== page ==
Part I: Carpinteria Salt Marsh: Background and Natural History
C. LAND USE HISTORY
Human habitation has been estimated to occur continually in the vicinity of Carpinteria Salt Marsh for as many as 9,000 years before present. Resource utilization by the various cultural economies through this time has had a profound effort on the extant condition of the estuarine ecosystem and its adjacent watershed. The management plan proposed herein is the next step in a long process of land use and planning that has focused on the Carpinteria Valley.
9.0 Prehistory and History of the Carpinteria Valley
9.1 Period I: Pre-1869 Coast Survey
Although initial habitation of the Carpinteria Valley probably occurred approximately 9000 years ago, the earliest reliable date for occupation came from cultural materials associated with an archaeological site near Santa Monica Creek that yielded a radiocarbon date of 7300 years old (Wilcoxon 1984). Early inhabitants of the region were most likely descended from populations with North American Paleo-Indian Cultural Tradition. Locally, there is little evidence of Paleo-Indian occupation. The extent of coastal occupation may never be known because coastal sites occupied during this era are now submerged. With the changing climatic conditions following the Pleistocene and with the reduction in numbers or extinction of large game animals, human populations became more dependent on a wider diversity of resources including the collection and processing of plant materials and small game for food.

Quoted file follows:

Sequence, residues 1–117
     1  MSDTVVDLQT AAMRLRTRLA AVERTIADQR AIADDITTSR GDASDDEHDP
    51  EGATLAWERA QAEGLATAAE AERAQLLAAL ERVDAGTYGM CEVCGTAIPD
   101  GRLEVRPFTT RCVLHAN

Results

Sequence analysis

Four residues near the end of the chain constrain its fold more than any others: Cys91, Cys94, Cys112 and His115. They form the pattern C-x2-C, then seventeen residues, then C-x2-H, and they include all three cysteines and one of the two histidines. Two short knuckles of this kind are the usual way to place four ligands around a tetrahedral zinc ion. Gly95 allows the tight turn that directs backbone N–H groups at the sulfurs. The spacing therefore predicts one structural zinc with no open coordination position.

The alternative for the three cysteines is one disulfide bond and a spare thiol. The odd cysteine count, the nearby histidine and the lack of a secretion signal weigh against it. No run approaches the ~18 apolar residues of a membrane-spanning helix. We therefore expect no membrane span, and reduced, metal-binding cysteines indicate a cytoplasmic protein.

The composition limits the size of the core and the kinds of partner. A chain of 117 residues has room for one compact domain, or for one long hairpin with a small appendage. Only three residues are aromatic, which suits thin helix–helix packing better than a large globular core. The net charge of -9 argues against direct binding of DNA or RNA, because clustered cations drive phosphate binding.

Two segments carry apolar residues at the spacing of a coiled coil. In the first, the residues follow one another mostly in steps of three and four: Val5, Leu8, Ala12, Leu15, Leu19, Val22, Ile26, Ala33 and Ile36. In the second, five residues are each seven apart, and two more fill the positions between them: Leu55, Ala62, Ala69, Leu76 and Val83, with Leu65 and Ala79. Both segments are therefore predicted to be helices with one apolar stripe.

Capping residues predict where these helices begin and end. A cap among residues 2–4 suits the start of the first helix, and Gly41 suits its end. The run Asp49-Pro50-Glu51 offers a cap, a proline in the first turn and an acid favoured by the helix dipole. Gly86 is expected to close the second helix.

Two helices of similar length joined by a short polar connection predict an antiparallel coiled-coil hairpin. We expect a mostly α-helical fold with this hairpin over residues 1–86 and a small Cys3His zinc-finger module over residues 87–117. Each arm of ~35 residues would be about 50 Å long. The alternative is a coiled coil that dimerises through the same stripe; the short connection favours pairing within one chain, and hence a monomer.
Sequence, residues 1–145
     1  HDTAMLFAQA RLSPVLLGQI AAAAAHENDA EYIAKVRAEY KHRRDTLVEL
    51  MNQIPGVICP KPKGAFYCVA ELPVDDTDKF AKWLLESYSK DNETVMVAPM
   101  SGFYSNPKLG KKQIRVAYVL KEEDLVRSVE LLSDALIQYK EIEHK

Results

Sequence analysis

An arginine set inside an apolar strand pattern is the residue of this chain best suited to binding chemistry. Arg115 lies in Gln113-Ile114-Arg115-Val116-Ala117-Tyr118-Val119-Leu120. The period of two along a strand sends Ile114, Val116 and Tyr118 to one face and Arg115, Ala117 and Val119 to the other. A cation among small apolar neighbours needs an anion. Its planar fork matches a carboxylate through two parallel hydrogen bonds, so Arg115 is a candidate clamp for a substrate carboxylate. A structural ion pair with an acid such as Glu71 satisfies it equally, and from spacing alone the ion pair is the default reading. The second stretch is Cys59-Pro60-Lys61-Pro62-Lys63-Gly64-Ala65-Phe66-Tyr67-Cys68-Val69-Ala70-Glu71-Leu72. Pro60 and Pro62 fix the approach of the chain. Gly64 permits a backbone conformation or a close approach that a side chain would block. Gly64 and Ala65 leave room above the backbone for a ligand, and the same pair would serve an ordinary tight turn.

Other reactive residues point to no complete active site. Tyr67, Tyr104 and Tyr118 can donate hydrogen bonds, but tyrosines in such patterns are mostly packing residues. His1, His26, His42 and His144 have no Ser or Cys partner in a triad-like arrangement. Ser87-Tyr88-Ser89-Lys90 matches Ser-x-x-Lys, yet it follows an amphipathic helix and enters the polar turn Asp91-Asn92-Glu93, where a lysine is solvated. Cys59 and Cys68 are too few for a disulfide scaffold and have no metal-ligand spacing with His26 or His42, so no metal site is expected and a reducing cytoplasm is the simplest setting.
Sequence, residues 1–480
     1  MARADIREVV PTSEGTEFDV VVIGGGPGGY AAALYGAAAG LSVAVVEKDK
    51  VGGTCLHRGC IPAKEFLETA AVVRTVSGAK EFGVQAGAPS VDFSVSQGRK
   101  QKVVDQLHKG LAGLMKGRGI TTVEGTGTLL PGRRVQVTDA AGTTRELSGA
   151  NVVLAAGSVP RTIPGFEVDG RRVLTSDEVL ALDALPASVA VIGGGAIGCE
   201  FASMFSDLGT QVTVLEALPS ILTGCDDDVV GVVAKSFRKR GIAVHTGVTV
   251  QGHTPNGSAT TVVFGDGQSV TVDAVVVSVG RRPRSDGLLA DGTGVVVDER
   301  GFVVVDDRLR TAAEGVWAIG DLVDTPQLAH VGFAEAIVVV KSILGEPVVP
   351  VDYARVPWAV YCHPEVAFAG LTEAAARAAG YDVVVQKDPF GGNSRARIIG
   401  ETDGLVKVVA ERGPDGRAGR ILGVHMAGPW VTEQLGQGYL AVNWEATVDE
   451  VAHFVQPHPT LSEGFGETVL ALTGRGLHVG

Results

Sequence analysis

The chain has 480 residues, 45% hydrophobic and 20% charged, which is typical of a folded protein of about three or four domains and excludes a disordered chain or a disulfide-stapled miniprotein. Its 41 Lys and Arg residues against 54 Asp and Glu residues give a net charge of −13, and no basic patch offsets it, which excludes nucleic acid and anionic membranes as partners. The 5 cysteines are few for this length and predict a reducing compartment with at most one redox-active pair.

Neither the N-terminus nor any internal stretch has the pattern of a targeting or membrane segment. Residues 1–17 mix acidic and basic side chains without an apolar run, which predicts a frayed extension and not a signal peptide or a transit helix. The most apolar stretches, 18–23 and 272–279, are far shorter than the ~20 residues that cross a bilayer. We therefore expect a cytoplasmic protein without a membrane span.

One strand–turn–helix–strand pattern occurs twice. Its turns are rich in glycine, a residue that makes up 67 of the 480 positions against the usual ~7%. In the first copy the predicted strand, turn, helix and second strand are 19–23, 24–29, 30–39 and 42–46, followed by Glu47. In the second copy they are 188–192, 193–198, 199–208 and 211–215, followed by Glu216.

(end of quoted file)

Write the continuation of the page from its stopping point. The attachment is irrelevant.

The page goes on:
The cultural divisions for the South Coast of Santa Barbara County include Early, Middle, and Late Periods. Evidence for occupation during each division has been found in the Carpinteria Valley. The Early Period was the first well-defined cultural tradition in the Carpinteria Valley and dates from about 7500 to 3000 years ago (Wilcoxon 1982). People of the period, described as the Oak Grove Culture (Rogers 1929), practiced generalized hunting and gathering techniques. Because the climate was wetter than it is now during parts of this period, and hence flooding was probably more frequent, the lowlands were even less suitable for the location of a village than they are today. Early inhabitants lived on highlands or other sites surrounding and in proximity to the coastal wetlands such as Carpinteria Salt Marsh. The use of marine and estuarine resources by the early inhabitants may not have been as extensive as that in later times; however, shellfish remains do occur in older middens. Thus, archaeological evidence suggests that even the earliest inhabitants of Carpinteria Valley utilized the resources of estuarine wetlands or shallow marine habitats ancestral to Carpinteria Salt Marsh.